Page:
Hugh Kenner is thought to have once asked rhetorically about O'Brien, "Was it the drink was his ruin, for ruin is the word. So much promise has seldom accomplished so little." At the end, "a great future lay behind him."
Perhaps, but taken in whole, O'Brien's novels and newspaper columns, whether written in Gaelic or English—all now in print thanks to the Dalkey Archive—have given him a cult status unmatched by any other Irish writer. Among his legion of fans are James Joyce (who O'Brien often parodied), Samuel Beckett, Graham Greene (who first recommended At Swim-Two-Birds to its British publisher), John Updike, Seamus Heaney (who called At Swim "hilarious and melancholy"), and Roy Blount, Jr. And, oh yes, Dylan Thomas, whose praise for At Swim-Two-Birds is perhaps the most fitting: "Just the book to give to your sister, if she is a dirty, boozey girl."
Only a fool would attempt to describe the plot of At Swim-Two-Birds. Here I go: The title is a literal translation from the Gaelic of ... well, never mind, you wouldn't make sense of it anyway (I certainly couldn't), but it's a ford on the River Shannon said to be visited by the legendary king, Mad Sweeney, who was exiled from his homeland after the Battle of Moira in 637 (see Seamus Heaney's magnificent 1983 translation, Sweeny Astray) and resurrected by O'Brien as a character in his novel.
Still with me? A narrator, a student of Irish literature unnamed by O'Brien, lives with his uncle and has a dream job for an Irishman: He works in a Guinness brewery. He establishes his creed as a writer at the outset: "One beginning and one ending for a book was a thing I did not agree with."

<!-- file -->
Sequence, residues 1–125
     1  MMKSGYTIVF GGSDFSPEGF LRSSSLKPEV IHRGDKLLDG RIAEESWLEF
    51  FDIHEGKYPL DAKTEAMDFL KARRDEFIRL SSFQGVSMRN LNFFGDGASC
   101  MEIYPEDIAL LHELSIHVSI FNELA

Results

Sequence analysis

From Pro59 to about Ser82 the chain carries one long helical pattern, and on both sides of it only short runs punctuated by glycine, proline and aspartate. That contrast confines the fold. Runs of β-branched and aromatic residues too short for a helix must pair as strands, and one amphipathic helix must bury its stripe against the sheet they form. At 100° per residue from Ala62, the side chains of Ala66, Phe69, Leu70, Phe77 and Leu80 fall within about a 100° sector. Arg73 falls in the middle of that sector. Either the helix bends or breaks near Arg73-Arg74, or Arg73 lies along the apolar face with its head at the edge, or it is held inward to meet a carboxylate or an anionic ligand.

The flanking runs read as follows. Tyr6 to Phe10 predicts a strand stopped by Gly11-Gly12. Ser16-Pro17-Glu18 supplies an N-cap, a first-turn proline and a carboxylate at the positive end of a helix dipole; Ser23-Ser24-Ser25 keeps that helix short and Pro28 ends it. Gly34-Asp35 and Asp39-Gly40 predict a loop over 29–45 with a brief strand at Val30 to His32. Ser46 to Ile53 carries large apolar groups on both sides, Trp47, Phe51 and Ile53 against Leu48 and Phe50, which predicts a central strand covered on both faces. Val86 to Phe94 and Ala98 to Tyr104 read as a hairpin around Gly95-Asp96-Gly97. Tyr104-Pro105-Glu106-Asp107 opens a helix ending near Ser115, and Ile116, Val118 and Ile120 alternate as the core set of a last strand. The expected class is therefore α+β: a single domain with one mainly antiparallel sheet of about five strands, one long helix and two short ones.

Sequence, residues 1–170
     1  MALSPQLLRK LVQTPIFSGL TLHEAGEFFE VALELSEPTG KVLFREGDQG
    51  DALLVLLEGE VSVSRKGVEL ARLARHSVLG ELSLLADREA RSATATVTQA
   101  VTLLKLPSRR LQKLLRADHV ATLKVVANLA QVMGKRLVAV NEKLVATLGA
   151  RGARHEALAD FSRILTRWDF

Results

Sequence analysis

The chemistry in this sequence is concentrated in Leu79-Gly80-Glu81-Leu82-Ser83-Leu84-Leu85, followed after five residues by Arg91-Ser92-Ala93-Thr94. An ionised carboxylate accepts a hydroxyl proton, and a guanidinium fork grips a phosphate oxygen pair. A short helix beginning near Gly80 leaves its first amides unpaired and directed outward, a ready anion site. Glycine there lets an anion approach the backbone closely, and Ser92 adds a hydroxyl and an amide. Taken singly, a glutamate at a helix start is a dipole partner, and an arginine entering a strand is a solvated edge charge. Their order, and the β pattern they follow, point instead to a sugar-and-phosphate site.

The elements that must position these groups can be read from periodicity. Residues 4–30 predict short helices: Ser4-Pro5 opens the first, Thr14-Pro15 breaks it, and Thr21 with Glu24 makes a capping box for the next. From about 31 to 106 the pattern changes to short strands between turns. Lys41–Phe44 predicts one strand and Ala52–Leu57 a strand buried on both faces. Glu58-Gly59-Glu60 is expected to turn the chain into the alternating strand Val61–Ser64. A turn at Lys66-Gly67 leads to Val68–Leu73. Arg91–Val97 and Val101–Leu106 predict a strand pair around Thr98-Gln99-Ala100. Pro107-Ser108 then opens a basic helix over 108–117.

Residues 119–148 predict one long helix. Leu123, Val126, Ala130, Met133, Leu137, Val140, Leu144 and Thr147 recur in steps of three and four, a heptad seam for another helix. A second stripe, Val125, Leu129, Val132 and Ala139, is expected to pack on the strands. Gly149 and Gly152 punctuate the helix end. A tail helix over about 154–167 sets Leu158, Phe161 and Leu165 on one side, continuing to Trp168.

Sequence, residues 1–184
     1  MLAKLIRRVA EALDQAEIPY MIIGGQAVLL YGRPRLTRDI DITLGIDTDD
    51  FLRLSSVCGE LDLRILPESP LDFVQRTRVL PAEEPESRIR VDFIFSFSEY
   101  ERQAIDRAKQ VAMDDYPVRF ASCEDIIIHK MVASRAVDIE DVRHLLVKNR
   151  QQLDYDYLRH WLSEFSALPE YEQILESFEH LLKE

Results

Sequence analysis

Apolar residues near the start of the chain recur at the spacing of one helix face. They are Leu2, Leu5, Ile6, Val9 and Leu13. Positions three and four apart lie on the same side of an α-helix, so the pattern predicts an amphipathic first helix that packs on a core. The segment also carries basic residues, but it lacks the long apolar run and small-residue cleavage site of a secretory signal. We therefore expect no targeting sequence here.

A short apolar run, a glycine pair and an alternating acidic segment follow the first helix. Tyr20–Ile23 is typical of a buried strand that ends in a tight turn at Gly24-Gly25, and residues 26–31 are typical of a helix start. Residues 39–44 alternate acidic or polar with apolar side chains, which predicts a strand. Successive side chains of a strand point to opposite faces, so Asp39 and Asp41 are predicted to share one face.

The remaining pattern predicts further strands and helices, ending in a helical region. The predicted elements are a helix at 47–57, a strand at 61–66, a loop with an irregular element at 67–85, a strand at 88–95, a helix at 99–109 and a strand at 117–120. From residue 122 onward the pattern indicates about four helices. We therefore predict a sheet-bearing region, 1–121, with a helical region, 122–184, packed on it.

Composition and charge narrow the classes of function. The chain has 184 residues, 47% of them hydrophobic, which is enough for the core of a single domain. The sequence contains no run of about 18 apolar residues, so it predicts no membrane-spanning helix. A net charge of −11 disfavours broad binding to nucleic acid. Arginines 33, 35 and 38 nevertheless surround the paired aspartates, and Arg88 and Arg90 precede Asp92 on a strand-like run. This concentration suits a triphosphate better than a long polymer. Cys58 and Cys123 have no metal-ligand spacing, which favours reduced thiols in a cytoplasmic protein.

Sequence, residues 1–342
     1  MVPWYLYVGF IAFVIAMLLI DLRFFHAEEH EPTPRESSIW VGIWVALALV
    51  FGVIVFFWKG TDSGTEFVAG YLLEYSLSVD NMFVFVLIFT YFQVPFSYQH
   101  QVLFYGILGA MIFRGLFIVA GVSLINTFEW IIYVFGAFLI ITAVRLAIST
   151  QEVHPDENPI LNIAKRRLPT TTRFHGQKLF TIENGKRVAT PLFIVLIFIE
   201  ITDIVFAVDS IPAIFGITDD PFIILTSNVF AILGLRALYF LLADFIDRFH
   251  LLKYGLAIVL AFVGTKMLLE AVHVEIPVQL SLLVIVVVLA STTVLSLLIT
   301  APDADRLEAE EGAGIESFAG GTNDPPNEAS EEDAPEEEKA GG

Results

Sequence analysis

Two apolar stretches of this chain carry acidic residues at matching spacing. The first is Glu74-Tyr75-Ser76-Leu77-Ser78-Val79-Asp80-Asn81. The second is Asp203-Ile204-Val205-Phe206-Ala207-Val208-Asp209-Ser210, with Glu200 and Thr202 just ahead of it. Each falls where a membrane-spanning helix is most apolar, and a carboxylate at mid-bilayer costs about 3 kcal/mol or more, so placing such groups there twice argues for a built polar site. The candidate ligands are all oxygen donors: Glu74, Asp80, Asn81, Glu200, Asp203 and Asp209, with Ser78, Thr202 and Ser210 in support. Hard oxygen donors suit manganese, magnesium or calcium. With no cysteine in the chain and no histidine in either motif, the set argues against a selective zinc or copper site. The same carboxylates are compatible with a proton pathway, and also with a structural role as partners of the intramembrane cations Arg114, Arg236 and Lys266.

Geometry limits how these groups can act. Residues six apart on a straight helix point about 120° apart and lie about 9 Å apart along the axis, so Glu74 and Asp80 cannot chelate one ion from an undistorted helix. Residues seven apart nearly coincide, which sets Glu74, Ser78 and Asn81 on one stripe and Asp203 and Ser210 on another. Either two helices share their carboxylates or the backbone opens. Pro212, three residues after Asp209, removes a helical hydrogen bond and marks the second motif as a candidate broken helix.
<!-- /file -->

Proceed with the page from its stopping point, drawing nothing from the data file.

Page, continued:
The narrator is a lazy sod who can't seem to finish his book, control his characters, or tie all the strands of his book together. One of those plot streams involves Dermot Trellis, a writer of pulp westerns. Trellis's characters rebel against their creator; wanting control over their own lives, they drug him to make him sleep so much he can't write his book. But Trellis fights off slumber long enough to bring a female character, Sheila Lamont, into existence; she becomes real, or at least real enough to bear his child ("blinded by her beauty"—i.e. of his own fictional creation—Trellis loses control and assaults her).
In time, Orlick is born, inheriting his father's—and presumably the unnamed narrator's and Flann O'Brien's—gift for writing fiction. Orlick writes a novel in which all of Trellis's creations put Trellis on trial and punish him for daring to manipulate him. But, as he is about to be executed, Trellis's creator, the student, unexpectedly passes his exams with flying colors and ...
I don't want to spoil it for you. Actually, I'm not sure that I have all this down correctly, though I've read three separate copies, annotating them all. I'm also still not sure exactly how the two American cowboys appear or why the mythical Irish hero Finn McCool jumps in (or whether he is Sheila Lamont's father) or what part the Pooka (a species of human Irish devil endowed with magical powers) named Fergus MacPhellimey plays. (But I can testify that an invisible good fairy who lives in MacPhellimey's pocket appears at opportune times to counter the Pooka's evil.) Part of the problem is keeping track of the three major intertwined plot threads; an even larger problem is recovering one's concentration after laughing out loud at nearly every page.
Thankfully, you don't have to get all the jokes in order to laugh at them. As V.S. Pritchett wrote, "In O'Brien, the object is a box that contains a box containing boxes getting infinitely smaller, until they are invisible." He might have added that each box contains a joke funnier than the last, though the punch lines are sometimes in Gaelic.